Media Studies Intro to Cinema

A blog

Bonnie and Clyde (Arthur Penn, US, 1967)

Filed under: Uncategorized — Francesca Scaturro at 11:00 am on Tuesday, December 13, 2011

 I didn’t expect to enjoy Bonnie andClydeas much as I did, but it was a great movie. I loved so many different aspects of the movie and the movie was just so well made. I really enjoyed how the movie started out, by introducing the characters with pictures of their family and a little written biography of them. I thought this was very interesting, because I had yet to see a film in our class that started out this way. I also LOVE the music. The music for each moment in the movie is perfect especially in the chase scenes where it turns into this fast paced western music.


One scene I thought was a little awkward was the scene at the beginning of the movie, after she sees Clyde trying to steal her mothers car and she gets dressed and runs down the stairs. The way Arthur Penn chose to frame that scene was strange for me because it was such a  low angle shot and all you can really see is the silhouette of Bonnie coming down the stairs. It seems strange because I feel like I have never seen this angle in a movie, and it just seems a bit vulgar since it seems like the camera is looking up her dress, although we cannot see anything because everything is very dark.

 It’s very easy to see how sexually charged Bonnie’s character is. Her sexuality is apparent in the opening scene when she is laying there naked on the bed, everything about her just screams sex. The fact that she’s naked in  her house, the way the camera zooms in to look at her eyes is all very sexual. It’s also very apparent the moment afterClyderobs that little store in her town with a gun, and they run off in the car to an open grassland. The whole ride there Bonnie is just kissing on his neck, and as soon asClydestops the car she wants to have sex with him. It’s a funny scene because he rejects her saying , “Hey slow down. Hey, cut it out! Alright, I might as well tell you right off alright now I might as well tell you right off I ain’t much of a lover boy. Ain’t nothing wrong with you ,I ain’t never seen no percentage in it. Nothing wrong with me I don’t like boys!” It interesting to see how she feels so insulted when he rejects her. It seems as if he’s just put a blow to her ego. It’s interesting to see how Bonnie almost defines herself by her sexuality, and is so forward about it withClyde.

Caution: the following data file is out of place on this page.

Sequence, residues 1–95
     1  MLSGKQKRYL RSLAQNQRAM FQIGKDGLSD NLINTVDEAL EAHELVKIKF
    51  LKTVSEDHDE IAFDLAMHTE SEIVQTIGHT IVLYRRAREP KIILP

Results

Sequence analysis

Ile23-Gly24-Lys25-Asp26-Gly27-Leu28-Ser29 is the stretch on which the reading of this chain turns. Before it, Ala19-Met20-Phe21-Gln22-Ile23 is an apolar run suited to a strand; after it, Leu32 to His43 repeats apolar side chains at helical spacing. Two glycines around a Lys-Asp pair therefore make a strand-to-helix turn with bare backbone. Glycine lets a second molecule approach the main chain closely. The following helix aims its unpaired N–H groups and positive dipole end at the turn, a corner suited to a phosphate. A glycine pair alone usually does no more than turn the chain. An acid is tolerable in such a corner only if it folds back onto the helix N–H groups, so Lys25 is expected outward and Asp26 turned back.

I really enjoyed this movie because it show this crime doing couple, and its cute to see that they love each other no matter how bad the other is. In fact it is very intriguing for them to do crime together, and I think this is what’s so appealing about the film. I think people sometimes wish to escape with their loved ones and just do whatever they want. The fact that this film advertises this sort of freedom in breaking the law is very intriguing to an audience, especially to those who are always abide by the laws and have always wanted to experience something like this. I love the relationship Bonnie andClydehave, because it’s based on the adrenaline rush they get from being with one another, and that’s what makes them fall in love so deeply. I think this movie also shows the good side of the bad guys, showing us Bonnie’s family, showing that she is human and cares about her mother just like everyone else does. Also the fact thatClydeis just so damn charming, and how much he really cares for Bonnie. I think that throughout the whole movie, we are rooting that they never get caught, because the audience feels like they have been through so much with them. The way that they die in the end is just so brutal, but I cannot argue that it was a good ending. I think this movie, like many others influence and fuel American’s love with crime and violence ridden movies.


Avant Garde Film

Filed under: Uncategorized — Francesca Scaturro at 9:39 am on Sunday, December 4, 2011